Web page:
Friday, October 16, 2009
Thailand Mulls Royal Succession
Thailand is in its unique way preparing for the most profound transition in the kingdom's recent history. The Royal Household Bureau has in a series of statements indicated that Bhumibol is on the mend after suffering from symptoms of pneumonia that have for nearly a month hospitalized and hid from public view the widely revered monarch. Despite those royal assurances, the Thai stock exchange has fallen sharply in recent days on market fears that Bhumibol's condition may in fact be deteriorating.
The uncertainty has brought lingering questions about the royal succession to the fore and raised higher the country's already substantial political risk premium. Bhumibol has over the past year signaled that his heir apparent son, 57-year-old Crown Prince Vajiralongkorn, should be crowned the 10th king of the reigning Chakri dynasty, which dates to the late 18th century and continues to play a strong symbolic and legal leadership role in Thai society.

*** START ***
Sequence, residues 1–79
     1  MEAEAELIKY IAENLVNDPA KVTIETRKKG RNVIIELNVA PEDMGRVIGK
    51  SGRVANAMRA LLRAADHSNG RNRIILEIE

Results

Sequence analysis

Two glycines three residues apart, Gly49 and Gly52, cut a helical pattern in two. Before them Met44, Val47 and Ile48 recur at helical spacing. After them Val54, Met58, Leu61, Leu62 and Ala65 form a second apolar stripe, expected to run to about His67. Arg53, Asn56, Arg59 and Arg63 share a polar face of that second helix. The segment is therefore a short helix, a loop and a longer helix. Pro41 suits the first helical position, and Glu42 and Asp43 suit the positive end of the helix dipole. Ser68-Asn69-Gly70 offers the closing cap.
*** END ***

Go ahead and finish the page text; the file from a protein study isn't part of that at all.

Recent royal signals have dampened earlier speculation among diplomats and analysts that Bhumibol would opt instead for his popular second-born daughter, Princess Chakri Sirindhorn, to inherit the throne. Other speculation that a regency - led first by Queen Sirikit and perhaps later by Sirindhorn - that bypassed Vajiralongkorn and reigned while his four-year-old son, Prince Dipangkorn Rasmijoti, came of age has also been widely discounted - though not entirely discarded.
A period of national mourning, which will undoubtedly bring the kingdom to an introspective halt and according to some estimates could last ceremonially for as long as 999 days, an astrologically auspicious number for the dynasty's ninth monarch, will likely mark the transition from Bhumibol to Vajiralongkorn. According to provisions in the 2007 constitution, the head of the royal advisory Privy Council shall serve as regent pending the formal proclamation of the name of the next monarch.